Teacher to Backend Software Engineer - How I change career in my late twenties.
I would like to think that my past decisions have paved the way for me to get where I am now. Hopefully, by sharing my experience, I will be able to convince others that it is never too late to pursue your dreams. This applies regardless of your age or background.
The path to where I am now was not traditional, nor was it a result of learning to code since I was 6 years old.
This is where it all begins
In 2013, I graduated from Hull University with a BSc in Psychology. I wanted to become a Clinical Psychologist but needed work experience first. Within a few months of graduating, I secured a position as a trainee special education teacher. Eventually, though, I realized that wasn't the most appropriate path for me. Hence, I quit.
In those days, companies were reluctant to hire anyone who had worked within the education system. This was due to concerns that the candidate would not be able to adjust to the changed setting. Although I had this limitation, I managed to get a job as a Website Assistant for a company called Loved Shopping Ltd; it was at this company that the desire for me to become an engineer began to grow.
The learning opportunity that comes from working with peers is the one thing I've missed the most since becoming a remote worker. Listening in on what other people are working on, the issues they are facing, and how they plan to solve them. This was what I used to do at Love Shopping Ltd which consequently sparked my interest in software development. The lead engineer was talking with an executive about statistical significance one day. It turns out they were doing an A/B test on the homepage and they were looking at the current result.
This sparked my interest in digital marketing and so I took a course in Digital Marketing and started looking for a new job within this field. That's when I managed to land a job position as a Digital Content Assistant at The Camping and Caravanning Club. From here I started to work alongside the engineering team, learning about front-end development. There was a situation at work where unfortunately they were not planning to replace the engineering team, instead they were looking to outsource the majority of the work leaving only one front-end engineer left to guide and support the newly formed external team.
This also gave me the opportunity to gain some valuable experience through collaborating closely with the engineering team, learning about front-end development and the different processes. I worked closely with the team for three months before I had to move back to my old team. I continued to work for the CRO team for another 3 months, then I quit my job. The experience that I gained during my short skint with the development team made me question my future. Did I want to continue working as a CRO or have I changed my mind again and wanted something different? I bet you can guess what happen next. In August 2017 I handed in my noticed and enrolled back to University to study a MSc in Computer Science.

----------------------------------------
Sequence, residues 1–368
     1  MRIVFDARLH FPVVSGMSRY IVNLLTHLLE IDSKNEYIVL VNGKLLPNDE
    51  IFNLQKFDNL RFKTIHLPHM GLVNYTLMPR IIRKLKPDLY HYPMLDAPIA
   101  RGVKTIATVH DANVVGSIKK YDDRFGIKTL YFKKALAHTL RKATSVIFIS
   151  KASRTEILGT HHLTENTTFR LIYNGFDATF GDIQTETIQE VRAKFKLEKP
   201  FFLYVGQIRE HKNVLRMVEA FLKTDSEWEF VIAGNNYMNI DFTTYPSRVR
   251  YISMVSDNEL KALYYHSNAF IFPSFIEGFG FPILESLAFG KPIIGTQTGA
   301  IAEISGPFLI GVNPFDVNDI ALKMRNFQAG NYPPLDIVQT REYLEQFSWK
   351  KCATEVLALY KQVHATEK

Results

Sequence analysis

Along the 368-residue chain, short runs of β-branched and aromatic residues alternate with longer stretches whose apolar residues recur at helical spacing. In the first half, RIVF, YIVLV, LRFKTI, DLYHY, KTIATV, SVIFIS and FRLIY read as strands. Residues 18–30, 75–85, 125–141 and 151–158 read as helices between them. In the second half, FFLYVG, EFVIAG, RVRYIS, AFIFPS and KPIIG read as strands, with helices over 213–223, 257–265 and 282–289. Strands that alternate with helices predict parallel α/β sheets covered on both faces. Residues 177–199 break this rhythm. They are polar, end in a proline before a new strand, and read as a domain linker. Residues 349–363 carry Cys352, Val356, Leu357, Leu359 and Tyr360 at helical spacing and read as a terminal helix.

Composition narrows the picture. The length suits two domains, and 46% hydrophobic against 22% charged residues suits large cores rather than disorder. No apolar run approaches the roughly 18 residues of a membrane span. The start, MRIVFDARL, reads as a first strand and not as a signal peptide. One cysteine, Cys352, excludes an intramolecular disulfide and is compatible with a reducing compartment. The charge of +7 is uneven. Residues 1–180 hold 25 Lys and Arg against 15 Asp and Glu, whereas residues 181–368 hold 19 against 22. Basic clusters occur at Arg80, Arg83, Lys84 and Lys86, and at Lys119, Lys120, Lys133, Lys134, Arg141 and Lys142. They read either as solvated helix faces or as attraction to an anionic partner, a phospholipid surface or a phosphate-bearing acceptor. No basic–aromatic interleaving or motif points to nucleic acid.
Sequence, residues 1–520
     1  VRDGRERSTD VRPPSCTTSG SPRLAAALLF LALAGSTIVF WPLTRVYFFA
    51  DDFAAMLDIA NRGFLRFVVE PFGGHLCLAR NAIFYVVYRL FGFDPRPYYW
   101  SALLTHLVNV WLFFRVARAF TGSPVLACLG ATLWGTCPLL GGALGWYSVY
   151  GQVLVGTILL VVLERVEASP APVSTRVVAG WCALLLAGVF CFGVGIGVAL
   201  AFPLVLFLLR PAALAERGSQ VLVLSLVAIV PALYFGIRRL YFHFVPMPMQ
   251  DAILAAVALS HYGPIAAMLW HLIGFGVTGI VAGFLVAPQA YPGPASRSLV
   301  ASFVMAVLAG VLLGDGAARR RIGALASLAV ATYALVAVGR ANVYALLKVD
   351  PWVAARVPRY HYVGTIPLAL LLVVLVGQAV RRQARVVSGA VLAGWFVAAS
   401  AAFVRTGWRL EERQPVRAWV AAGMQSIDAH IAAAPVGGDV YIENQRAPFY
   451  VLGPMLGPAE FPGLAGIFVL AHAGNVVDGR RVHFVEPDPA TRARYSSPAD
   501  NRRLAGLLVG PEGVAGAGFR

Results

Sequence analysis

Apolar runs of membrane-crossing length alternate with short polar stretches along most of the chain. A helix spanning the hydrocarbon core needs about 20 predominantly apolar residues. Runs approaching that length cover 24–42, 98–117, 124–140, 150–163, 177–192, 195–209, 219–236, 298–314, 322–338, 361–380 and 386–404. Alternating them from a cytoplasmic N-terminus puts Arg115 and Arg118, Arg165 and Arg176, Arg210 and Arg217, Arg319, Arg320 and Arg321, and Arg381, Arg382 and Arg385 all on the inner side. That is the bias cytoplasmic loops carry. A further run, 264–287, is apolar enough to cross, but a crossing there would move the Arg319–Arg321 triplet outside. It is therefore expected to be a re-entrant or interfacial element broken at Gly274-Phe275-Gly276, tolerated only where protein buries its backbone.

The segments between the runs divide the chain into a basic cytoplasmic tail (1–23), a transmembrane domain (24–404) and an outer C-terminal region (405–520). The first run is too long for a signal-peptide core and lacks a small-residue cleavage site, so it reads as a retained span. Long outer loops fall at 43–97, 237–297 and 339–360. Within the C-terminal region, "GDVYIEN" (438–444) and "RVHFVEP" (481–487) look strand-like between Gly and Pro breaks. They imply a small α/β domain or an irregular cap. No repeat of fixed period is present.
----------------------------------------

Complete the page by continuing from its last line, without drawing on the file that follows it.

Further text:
Fast forward to today, I now work as a Software Engineer I at a company called Optimizely for nearly 4 years. I first started out as an Integration Engineer, responsible for onboarding and troubleshooting clients onto Optimizely's Personalization platform. I now work in the Backend team, building data intensive applications for the platform.
You may notice one common theme throughout my journey. Once I realise that something wasn't right for me I quit. I didn't lingered on to see "how things turned out"; I just left. For some people, I may come across as reckless and irresponsible and I've been told by many people that they would prefer to hire someone who has been in a position for more than 3 years. However, times are changing and you need to do what is right for you and nobody else. Steve Bartlett has an excellent diagram in his book "Happy Sexy Millionaire", that demonstrates a thought-process one could take in their decision of quitting their job:
To be honest, I don't know. I have stopped making long term goals as they never turn out right. Instead I have decided to try and live in the moment and focus on smaller goals like reading 10 pages per day or focus on my personal projects for 30 mins, 3 times a week. One thing I have learnt over the years is that life is a marathon, not a sprint so you might as well enjoy it.